King Henry II
Henry II of England and Thomas Becket were two of the greatest rivals for power in English history. We remember them them even today, over 850 years later. Their struggle for power ended as so many battles do when waged against a ruling king, with Thomas Becket dead in his own cathedral.
Henry and Thomas began as friends and allies. Thomas Becket served Henry well as his Chancellor, and was trusted so deeply that he was given the guardianship of the king's eldest son, young Prince Henry. This alliance was so strong, and so strongly based in personal friendship, that King Henry II was certain that Thomas Becket would be the answer to his troubles with the Church.
The clash between Church and State did not begin in England with famous King Henry VIII of the Tudor dynasty. The seeds were sown much earlier, and this battle for power came to a head during Henry II's reign. In 1154, Henry II reclaimed the throne of England from the usurper, Stephen of Blois after decades of civil war which left the lands of England decimated. Henry believed all his life that rule of law and the strength of the King's Peace could extend protection to the common man. Of course, while this goal is lofty, it also served the political purpose of allowing the people to receive justice not just from their barons and local ruler, but from the king himself.
One aspect of extending the King's Peace was to deal with the members of the lower clergy who broke the law. If a layman or priest committed rape or murder, he would not be called on to stand trial as any other man would. Instead, he would be given over to the Church for trial and punishment in the Church courts. The Church did little but chastise their brethren even for crimes as hideous as thievery, rape and murder. While Henry II was working so hard to keep the peace in the land, this loop hole was one he could not allow to continue. So he began trying lower clergymen in secular court, much to the Pope's fury.
In 1162, Henry made Thomas, his friend and ally, the next Archbishop of Canterbury, certain that the man who had served him so well as Chancellor would continue to help him uphold the law of the land, and would allow the secular courts to punish those clergy who broke the law. This was not the case.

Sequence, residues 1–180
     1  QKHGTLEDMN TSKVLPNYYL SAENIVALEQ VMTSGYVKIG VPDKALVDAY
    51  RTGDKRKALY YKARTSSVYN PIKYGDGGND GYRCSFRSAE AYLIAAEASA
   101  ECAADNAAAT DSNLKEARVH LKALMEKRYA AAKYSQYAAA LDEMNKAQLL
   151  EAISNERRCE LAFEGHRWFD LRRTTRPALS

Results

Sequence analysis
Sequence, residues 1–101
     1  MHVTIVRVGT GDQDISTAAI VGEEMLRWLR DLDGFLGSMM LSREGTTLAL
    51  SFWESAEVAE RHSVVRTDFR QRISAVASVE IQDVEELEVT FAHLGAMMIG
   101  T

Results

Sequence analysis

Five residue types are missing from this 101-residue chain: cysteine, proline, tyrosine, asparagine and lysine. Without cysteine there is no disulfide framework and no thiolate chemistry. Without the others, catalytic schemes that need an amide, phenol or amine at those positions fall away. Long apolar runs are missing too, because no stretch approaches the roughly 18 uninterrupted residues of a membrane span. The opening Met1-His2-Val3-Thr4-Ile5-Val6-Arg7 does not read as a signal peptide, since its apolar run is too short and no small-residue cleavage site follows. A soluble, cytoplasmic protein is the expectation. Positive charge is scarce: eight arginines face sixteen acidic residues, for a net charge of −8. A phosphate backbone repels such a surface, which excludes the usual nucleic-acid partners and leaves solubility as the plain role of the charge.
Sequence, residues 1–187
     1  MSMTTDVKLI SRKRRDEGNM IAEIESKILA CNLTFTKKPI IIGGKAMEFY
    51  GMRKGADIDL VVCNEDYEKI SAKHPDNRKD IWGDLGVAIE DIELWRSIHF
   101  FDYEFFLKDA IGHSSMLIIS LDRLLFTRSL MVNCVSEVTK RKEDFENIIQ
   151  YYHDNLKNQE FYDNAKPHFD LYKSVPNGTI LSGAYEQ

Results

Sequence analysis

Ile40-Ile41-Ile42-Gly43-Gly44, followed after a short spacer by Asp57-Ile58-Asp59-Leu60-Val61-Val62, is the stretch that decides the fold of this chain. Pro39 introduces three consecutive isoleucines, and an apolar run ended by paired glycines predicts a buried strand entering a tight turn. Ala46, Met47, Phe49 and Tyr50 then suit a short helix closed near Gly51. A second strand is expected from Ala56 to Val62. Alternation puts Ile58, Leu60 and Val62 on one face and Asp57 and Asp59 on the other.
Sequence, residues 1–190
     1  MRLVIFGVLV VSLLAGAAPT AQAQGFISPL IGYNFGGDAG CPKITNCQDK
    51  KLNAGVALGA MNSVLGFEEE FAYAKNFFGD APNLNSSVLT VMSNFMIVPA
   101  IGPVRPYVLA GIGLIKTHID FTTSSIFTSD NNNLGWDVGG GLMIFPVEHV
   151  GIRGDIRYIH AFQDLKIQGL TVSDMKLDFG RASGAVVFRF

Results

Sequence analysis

Once Thomas became archbishop, he did a complete turn around in his attitude toward the law. As a prince of the Church, he served the Church first and Henry, second. He fought Henry at every turn in an effort to protect his own power as well as the power of the Church in England. By 1170, this conflict had become such a burden to Henry II that he made a snide remark in company at a Christmas feast, the famous line "Will no one rid me of this turbulent priest?"
Four of Henry's knights, Hugh de Morville, William de Tracy, Reginald Fitz Urse, and Richard le Bret were among those who listened to Henry's furious outburst. They took ship for England at once and on December 29th, murdered Thomas Becket at the foot of the altar of Canterbury Cathedral.
Scholars are divided as to whether or not these men were acting on direct orders from the king. As no doubt you have gathered from the tone of this post, I am very pro-Henry, so you will not be shocked to hear that I do not believe Henry meant for Thomas to be murdered, that night or ever. The king was stricken with grief when he heard the news of his old friend's death, and Pope Alexander III later absolved him of involvement in this crime.
Though Thomas Becket lost his life, the Church regained its power through the sympathy gained from his death. In exchange for forgiveness and absolution of Thomas Becket's murder, Henry II agreed that law breaking clerics would continue to be tried by the Church courts.
Christy English is the author of two historical fiction novels about the Plantagenets, The Queen's Pawn and To Be Queen: A Novel of the Early Life of Eleanor of Aquitaine. Please join her on her website http://www.ChristyEnglish.com